Revisiting the many hit pieces launched at Trump since he first entered the political sphere reveals the same technique in play, especially with SpyGate. The Atlantic’s latest contribution to the Fake News franchise struck a familiar chord, but not just one played in the press. Rather, the incident seemed eerily similar to the Crossfire Hurricane team’s use of anonymous press stories as supposed confirmation of the anonymously sourced Christopher Steele dossier in the four Foreign Intelligence Surveillance Act (FISA) applications targeting Carter Page.

In seeking the FISA surveillance orders on Page, the DOJ and FBI relied heavily on the dossier that was compiled by former British MI6 operative Steele. Steele, in turn, purportedly relied on a network of unnamed sources and sub-source. Then the FBI in the FISA applications portrayed Steele’s “intel” as confirmed by media reporting.

For instance, the FISA applications included this lengthy passage that sought to imply confirmation of the Steele dossier:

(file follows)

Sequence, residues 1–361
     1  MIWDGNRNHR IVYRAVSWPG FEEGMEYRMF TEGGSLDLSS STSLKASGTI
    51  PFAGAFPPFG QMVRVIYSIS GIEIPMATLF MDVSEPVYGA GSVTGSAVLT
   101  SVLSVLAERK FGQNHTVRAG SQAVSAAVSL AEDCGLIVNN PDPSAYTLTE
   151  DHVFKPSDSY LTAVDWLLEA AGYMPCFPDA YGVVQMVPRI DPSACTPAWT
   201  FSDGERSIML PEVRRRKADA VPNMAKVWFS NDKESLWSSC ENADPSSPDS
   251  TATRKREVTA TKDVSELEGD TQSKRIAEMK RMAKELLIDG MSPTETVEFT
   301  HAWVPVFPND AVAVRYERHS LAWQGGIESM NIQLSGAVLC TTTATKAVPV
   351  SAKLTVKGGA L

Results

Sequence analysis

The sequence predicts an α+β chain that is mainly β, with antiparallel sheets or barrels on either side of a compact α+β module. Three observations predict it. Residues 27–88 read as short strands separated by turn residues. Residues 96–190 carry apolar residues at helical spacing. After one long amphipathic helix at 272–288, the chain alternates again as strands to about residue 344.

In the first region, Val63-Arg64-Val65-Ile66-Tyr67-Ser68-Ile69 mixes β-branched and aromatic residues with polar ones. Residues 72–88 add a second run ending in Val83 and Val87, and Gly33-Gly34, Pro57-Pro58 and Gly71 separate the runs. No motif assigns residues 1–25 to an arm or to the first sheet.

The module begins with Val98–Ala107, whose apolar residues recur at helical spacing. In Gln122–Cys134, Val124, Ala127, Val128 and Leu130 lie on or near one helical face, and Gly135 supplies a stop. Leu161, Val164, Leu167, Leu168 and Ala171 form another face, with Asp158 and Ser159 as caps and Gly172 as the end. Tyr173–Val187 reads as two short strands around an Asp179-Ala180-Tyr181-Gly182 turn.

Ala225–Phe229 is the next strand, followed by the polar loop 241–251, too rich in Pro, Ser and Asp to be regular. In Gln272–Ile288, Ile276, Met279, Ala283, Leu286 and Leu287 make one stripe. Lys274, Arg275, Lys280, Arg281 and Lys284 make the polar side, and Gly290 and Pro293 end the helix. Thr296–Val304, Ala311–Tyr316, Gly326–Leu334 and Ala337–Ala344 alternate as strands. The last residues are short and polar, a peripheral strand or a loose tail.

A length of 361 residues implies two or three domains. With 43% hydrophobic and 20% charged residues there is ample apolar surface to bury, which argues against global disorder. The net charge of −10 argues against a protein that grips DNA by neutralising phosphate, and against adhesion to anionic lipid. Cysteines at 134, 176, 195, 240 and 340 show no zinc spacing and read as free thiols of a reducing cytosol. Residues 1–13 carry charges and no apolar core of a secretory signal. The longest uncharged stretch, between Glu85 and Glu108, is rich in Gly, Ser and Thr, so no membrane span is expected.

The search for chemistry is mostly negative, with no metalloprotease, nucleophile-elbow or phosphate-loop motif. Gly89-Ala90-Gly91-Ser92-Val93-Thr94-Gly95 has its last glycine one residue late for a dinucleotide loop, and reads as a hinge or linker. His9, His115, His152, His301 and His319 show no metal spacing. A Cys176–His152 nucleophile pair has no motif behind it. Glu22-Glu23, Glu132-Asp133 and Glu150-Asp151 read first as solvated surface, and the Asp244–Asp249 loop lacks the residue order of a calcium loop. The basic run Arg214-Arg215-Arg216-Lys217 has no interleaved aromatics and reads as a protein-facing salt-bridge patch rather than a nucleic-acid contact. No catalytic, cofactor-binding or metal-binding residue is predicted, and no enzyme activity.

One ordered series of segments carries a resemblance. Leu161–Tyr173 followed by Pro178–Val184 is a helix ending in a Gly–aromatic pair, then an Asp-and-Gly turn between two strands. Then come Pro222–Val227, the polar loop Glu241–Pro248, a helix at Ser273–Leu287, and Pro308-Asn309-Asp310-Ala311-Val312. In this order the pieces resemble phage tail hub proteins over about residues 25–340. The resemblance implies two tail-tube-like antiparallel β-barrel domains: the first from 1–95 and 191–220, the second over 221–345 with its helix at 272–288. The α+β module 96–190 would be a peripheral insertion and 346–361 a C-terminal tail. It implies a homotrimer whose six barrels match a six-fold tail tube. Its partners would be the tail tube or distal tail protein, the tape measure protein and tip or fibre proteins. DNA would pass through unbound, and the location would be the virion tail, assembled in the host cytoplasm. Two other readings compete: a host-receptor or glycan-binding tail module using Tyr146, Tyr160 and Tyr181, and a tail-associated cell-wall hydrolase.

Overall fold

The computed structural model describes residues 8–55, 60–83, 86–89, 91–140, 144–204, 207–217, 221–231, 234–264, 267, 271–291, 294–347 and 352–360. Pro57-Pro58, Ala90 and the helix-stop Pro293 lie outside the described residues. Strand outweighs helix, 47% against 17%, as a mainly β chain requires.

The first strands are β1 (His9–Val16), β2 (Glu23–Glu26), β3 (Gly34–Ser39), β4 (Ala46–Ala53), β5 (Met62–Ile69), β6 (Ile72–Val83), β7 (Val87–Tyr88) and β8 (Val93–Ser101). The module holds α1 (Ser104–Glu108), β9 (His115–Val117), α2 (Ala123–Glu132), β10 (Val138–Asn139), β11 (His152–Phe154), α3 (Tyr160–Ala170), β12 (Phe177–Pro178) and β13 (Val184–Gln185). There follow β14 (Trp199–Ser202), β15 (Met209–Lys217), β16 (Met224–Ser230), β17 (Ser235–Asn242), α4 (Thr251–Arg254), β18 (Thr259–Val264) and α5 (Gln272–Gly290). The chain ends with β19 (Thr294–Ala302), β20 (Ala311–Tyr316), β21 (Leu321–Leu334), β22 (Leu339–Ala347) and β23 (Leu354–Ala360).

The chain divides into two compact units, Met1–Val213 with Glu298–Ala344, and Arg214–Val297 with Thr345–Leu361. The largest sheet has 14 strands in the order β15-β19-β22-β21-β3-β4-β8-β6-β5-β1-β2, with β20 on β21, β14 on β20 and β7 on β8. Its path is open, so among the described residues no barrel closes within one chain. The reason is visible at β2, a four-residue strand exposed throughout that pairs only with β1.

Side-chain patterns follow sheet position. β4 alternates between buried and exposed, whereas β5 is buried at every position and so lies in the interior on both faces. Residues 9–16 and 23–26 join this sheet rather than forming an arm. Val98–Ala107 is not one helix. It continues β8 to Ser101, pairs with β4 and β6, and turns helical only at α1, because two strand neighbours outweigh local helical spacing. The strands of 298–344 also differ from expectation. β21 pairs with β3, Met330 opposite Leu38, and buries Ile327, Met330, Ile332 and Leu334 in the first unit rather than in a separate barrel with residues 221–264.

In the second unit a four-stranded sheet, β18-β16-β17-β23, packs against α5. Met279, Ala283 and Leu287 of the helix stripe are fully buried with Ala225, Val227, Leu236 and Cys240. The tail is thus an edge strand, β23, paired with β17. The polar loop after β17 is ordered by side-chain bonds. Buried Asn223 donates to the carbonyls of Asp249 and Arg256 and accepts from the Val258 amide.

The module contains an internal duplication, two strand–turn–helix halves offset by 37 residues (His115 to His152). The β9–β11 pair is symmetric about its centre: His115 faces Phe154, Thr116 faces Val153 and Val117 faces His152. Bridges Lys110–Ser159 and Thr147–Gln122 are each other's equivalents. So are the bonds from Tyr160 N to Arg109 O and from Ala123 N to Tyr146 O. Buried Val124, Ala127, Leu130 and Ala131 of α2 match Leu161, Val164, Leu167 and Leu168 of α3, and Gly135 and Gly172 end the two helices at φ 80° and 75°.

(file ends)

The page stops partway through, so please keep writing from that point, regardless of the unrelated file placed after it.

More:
On or about September 23, 2016, an identified news organization published an article, (September 23rd News Article), which was written by the news organization’s Chief Investigative Correspondent, alleging that U.S. intelligence officials are investigating Page with respect to suspected efforts by the Russian Government to influence the U.S. Presidential election. According to the September 23rd News Article, U.S. officials received intelligence reports that when Page was in Moscow in July 2016 to deliver the above-noted commencement address at the New Economic School, he met with two senior Russian officials. The September 23rd News Article stated that a ‘well-placed Western intelligence source’ told the news organization that Page met with Igor Sechin, a longtime Putin associate and former Russian deputy minister who is now the executive chairman of Rosneft. At their alleged meeting, Sechin raised the issue of the lifting of sanctions with Page. According to the September 23 News Article, the Western intelligence source also reported that U.S. intelligence agencies received reports that Page met with another top Putin aide-Igor Divyekin, a former Russian security official who now serves as deputy chief for internal policy and is believed by U.S. officials to have responsibility for intelligence collected by Russian agencies about the U.S. election.